|Shares Out. (in M):||427||P/E||0.0x||0.0x|
|Market Cap (in $M):||18,493||P/FCF||0.0x||0.0x|
|Net Debt (in $M):||-2,600||EBIT||0||0|
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MOS will be repurchasing at least 20% of its shares O/S (and likely 30% by 3Q’14). There is a lockup expiration for shares formerly held by Cargill (and split-off) on 11/26, we believe that prior to this Mosaic will raise incremental debt + use part of its $3.7B of cash on hand to repurchase these shares – causing meaningful accretion and upside.
MOS is likely to leverage to buy a 1/3 or 2/3 portion of the Cargill interests' remaining stake (129MM shrs or 426MM o/s) in Q4'13. Mosaic's cash position ($3.7B) and low debt ($1.1B) make this possible as management has been hinting at a 1.5x adj. debt/EBITDA target, which yields about $4.5B of adj. debt. MOS generates $1.5-2B fcf/yr and would be able to buy back all of the Cargill interests' shares by year end 2014 with minimal additive net debt. Potentially this would shrink the share count by 30% after all shares are bought by MOS. The Cargill interests are motivated shareholders as they consist of a split-off to former Cargill shareholders as well as the bulk of assets of the Cargill Charitable Trust, which is looking to liquidate its holdings in MOS. The structure of any transaction would begin with a 20-day test period after which the average daily price for that period would determine the price MOS would pay for the shares. It’s likely that MOS would do a combination Term Loan B / revolver to finance the transaction as net cash on hand ($2.7B) and cashflow generation (>$1.5B/yr on a maintenance capex basis) would be enough to repay any incremental debt by YE 2015.
MOS had recently gotten the Cargill charity trust’s potential sale of MOS stock postponed from June, 2013 to coincide with Cargill interest’s lockup expiration on 11/26/2013 – this postponement was viewed unfavorably by special situation holders. In addition to this fertilizers performed poorly through Spring-early Summer 2013 (MOS -15% from March peak vs. mkt + 18% YTD) – given our belief that MOS will step in and repurchase at least 86MM of the 126MM on lockup in 4Q’13-1Q’14 as well as a bottoming of sentiment within ag, now looks like a great entry point.
Why now as an entry point?
The argument to enter the trade after Mosaic has announced a successful debt placement (or price-fix period for Mosaic shares) would likely be too late as the stock would then gap higher. The risk to waiting is that once a deal is close (e.g. – MOS is rumored to be preparing to place debt) the special situation investors who were in the stock and tired out after the June postponement will re-enter the trade, leaving a very small (or no) window.
Why MOS vs. POT?
POT was already an acquisition target during 2-3Q’10, BHP’s unsolicited bid was ultimately blocked by the Canadian gov’t with POT management’s approval – this takes POT off the table as an M&A candidate for the most likely acquirers (BHP/Rio Tinto – BHP much more likely). MOS capitalizing 30% of its share base at lower levels AND currently trading at $750 EV/ton (vs. replacement of $1500/t) makes it a much more attractive M&A target than POT, who’s management team seems intent on remaining independent. The case for a virtuous cycle in MOS over the next 2-4 months (i.e. – if MOS gets financing the mkt will see it can repurchase the entire Cargill stakes, and further from this then becomes a more likely acquisition target) is where most of the upside is captured vs. POT despite their similar earnings exposures.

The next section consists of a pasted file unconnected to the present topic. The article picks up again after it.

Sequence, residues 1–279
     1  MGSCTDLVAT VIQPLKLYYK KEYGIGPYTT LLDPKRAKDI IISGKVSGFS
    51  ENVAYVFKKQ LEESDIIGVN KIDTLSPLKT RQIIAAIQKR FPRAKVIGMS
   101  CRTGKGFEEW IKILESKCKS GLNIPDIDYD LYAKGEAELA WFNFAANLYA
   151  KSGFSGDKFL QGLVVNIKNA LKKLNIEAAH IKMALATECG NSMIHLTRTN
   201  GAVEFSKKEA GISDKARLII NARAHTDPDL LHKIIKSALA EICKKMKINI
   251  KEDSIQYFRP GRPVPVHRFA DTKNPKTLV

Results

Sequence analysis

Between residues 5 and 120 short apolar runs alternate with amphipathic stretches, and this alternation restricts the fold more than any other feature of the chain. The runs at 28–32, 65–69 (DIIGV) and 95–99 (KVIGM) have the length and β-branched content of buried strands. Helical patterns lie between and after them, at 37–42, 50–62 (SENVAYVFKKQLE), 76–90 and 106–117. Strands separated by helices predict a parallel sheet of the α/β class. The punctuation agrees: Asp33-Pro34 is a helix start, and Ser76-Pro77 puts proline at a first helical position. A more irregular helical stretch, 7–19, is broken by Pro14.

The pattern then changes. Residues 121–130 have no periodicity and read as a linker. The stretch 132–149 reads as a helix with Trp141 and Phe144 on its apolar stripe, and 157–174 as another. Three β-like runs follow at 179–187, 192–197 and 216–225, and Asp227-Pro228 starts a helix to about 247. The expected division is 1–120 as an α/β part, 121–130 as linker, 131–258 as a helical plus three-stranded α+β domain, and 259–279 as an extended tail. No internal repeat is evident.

Major risks to the thesis revolve around 1) Mosaic’s ability to obtain debt financing to purchase the Cargill shares and 2) the potential for soft commodity prices to continue falling through the harvest season (when yields are known to the market).
MOS is likely to start to market additional debt in the early Fall to build cash for a takeout of ~86MM/shrs of the Cargill interests’ shares – this will likely get the street thinking about deal accretion under a full 126MM/shr takeout scenario (MOS would then buy back the remaining shares in 1H’14). We view this trade as occurring through 1Q’14 – post any debt placement announcement (which would be near the 11/26 Cargill lockup expiry) MOS would likely head higher, and then re-rate into 2014 as Street gives management credit for ROC-focus and cash generation/return to shareholders as well as MOS now being a viable acquisition candidate (Cargill ownership effectively blocked MOS being a target for an interested buyer like BHP).
- 6/26: Charitable trusts postpone filing shelf registration until 11/26 after Cargill interests reject accelerating their share lockup to match June election
- 7/29: Uralkali announces disbanding of BPC cartel, predicts potash pricing could fall to $300/t FOB Europe from $400/t levels as they increase production
- Aug.: BHP will announce its plans for the Jansen greenfield expansion in Saskatchewan ($10-12B project - $1.5B spent, potentially 8-10MM/tpa and a threat to global pricing)